Strawman alert! Where's BD?

Putting words into someone else's mouth and then arguing against their non-existent statement is poor form.

Furthermore, nobody is preventing this student from expressing her views elsewhere - they are just saying that if she wants to have the _privilege_ of addressing the student body as a valedictorian then she must conform to certain guidelines.

If those guidelines included manditory statements of religious neutrality that the girl couldn't utter in good conscience, would you still be in favour of forcing her to follow them? Isn't editing text out the same as editing text in?

My reading of this story is that the powers that be in the school system made an arbitrary judgement call about what was acceptable, based on their own sense of ethics. (Ironic, no?) There didn't seem to be hard and fast rules in play about what wording could and couldn't be used.

When I was a wee lad we were made to say The Lord's Prayer every morning, and I'm sure the people who went to this school were made to follow a similar morning exercises in the past. I'm certain that past valedictorians must have made at least passing references to God in their speeches without having big hunks of their written material excised. Such things used to be common.

It's since been decided that forcing children to recite religious pledges is wrong. Fine, and I agree. But isn't forcing children to not make religious declarations equally wrong? If not, why?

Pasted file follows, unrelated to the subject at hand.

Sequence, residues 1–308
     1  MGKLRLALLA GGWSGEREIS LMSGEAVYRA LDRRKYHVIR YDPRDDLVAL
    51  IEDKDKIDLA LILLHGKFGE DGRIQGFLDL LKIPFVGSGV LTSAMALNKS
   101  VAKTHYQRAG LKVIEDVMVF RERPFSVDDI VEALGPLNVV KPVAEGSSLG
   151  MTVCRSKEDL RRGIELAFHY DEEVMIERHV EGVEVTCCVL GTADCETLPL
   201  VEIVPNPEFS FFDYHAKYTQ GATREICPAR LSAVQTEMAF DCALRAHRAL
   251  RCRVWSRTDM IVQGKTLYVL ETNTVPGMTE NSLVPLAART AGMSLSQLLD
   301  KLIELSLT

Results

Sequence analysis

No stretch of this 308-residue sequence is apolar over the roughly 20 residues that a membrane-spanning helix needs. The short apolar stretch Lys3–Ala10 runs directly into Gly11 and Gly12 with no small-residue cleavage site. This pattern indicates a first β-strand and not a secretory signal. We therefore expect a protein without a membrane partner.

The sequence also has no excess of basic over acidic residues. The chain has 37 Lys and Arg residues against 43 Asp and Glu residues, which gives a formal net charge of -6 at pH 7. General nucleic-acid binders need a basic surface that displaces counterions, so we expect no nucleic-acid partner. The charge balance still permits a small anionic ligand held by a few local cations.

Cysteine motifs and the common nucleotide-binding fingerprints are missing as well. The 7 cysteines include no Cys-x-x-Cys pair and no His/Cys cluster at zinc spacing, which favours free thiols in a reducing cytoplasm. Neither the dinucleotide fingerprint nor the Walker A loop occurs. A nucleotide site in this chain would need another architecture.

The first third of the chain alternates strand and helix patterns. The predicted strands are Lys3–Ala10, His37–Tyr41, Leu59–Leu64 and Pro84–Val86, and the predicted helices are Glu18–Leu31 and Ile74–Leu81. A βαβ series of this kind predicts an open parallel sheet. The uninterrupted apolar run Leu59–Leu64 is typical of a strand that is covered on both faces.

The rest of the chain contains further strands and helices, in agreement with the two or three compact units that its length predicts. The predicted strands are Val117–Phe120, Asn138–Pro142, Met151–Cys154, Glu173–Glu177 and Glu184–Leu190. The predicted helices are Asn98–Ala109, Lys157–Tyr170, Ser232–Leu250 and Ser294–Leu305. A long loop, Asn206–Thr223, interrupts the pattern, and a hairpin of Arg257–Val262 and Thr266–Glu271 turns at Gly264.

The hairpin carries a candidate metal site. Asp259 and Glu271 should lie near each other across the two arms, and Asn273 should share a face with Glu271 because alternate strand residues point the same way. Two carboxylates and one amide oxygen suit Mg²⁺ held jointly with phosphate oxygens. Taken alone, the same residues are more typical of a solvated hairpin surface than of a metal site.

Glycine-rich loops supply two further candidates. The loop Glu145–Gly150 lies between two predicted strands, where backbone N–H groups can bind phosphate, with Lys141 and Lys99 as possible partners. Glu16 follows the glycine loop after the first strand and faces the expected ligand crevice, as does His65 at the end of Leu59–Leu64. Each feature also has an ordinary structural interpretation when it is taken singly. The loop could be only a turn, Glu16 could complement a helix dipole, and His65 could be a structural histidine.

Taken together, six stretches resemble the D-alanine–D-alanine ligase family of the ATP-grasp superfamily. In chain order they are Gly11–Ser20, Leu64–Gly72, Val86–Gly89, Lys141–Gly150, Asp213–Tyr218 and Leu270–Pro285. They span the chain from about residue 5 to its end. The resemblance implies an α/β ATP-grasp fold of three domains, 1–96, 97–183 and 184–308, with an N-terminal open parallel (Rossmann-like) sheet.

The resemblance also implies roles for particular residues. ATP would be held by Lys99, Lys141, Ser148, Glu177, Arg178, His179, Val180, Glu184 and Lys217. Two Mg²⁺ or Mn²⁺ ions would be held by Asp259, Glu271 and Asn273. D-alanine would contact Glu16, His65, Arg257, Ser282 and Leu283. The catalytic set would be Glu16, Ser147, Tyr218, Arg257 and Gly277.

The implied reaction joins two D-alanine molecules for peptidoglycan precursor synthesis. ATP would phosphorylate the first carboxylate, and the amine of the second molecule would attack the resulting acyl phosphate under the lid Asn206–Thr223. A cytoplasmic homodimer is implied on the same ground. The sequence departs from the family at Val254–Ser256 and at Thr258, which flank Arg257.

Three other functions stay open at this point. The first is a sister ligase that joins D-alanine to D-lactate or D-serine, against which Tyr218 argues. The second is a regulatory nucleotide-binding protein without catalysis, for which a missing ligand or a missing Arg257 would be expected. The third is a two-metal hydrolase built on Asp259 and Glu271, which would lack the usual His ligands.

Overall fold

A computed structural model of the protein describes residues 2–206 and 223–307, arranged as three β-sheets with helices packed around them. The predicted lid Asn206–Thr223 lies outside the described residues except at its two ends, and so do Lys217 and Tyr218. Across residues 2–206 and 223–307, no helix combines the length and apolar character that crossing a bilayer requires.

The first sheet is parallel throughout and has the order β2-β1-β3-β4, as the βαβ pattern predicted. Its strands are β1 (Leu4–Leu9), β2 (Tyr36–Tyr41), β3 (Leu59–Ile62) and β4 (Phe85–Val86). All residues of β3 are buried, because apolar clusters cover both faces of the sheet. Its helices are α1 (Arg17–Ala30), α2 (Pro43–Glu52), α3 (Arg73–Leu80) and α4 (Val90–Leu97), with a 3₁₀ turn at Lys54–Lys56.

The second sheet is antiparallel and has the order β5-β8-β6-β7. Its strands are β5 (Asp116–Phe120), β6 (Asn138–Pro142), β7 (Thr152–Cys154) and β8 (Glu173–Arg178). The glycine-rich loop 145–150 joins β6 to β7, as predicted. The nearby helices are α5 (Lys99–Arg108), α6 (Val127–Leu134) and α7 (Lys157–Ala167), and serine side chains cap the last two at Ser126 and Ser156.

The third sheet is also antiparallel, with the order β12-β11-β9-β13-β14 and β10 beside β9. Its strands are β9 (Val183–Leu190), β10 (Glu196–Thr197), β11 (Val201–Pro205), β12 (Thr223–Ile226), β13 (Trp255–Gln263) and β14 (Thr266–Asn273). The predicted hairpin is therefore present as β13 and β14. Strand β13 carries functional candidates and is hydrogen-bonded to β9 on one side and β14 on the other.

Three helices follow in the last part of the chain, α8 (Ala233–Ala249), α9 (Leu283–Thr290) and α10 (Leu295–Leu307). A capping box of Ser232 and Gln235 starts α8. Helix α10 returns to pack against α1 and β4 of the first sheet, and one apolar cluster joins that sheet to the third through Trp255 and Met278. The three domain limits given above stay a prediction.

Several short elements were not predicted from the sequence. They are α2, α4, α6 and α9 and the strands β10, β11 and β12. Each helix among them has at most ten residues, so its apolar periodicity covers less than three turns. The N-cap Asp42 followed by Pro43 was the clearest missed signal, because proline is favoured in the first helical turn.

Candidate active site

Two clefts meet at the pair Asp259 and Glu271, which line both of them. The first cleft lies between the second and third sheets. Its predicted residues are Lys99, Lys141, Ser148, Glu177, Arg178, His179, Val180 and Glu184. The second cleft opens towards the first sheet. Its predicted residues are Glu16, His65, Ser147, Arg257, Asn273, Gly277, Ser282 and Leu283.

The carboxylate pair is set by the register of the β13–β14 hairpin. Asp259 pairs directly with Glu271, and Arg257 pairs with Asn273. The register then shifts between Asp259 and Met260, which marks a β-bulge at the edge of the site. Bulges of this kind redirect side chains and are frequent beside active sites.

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Dear BHS,

It's since been decided that forcing children to recite religious pledges is wrong. Fine, and I agree. But isn't forcing children to not make religious declarations equally wrong? If not, why?
It seems to me (and I could be wrong, I was a poor student) that the 'valedictorian speech' is not supposed to be about the individual, but a representation on behalf of the whole graduating class. I should think the freedoms of religious expression should be there if the speaker was speaking only for themselves, (such as winning 'top student award', or making the Dean's List) but it is my impression that all students are represented by that speech.
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Ann Coulter was right to describe these people as Godless.

I think your post may have had merit until you brought her up. Ann Coulter has never opened her mouth or typed a sentence and been right at the same time, in her entire life.

This is a woman who said Canadians went to Vietnam and continued to try and pound that square peg into the round hole no matter how much the Canadian journalist (who was a journalist during those years as well) tried politely to inform her of her mistake.

Interviewer: "No, Canadians never went to Vietnam."

Ann: "Oh I'm pretty sure they did...".

LOL! There's really no arguing with people like this and both the Left and the Right are full of them. Obviously she knows she's wrong at this point and just refuses to admit it....you know, with her "superior intellect" and all.

.

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The school board obviously overstepped their bounds. They gave her some broad guidelines as to why mentioning God was inappropriate, but failed to mention they'd shut her mic off if she strayed. However, I think by the sounds of it they forewarned the sound tech to shut it off if she wandered.

But it doesn't sound out of line for the education system down there. Remember 9/11, when many universities felt it 'inappropriate' to fly their own flag(U.S.) in the days after in case it might offend some of their foreign students. Political Correctness is just another form of censorship. Mentioning God when it's on American money and embedded in their constitution is not unreasonable.

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I think your post may have had merit until you brought her up. Ann Coulter has never opened her mouth or typed a sentence and been right at the same time, in her entire life.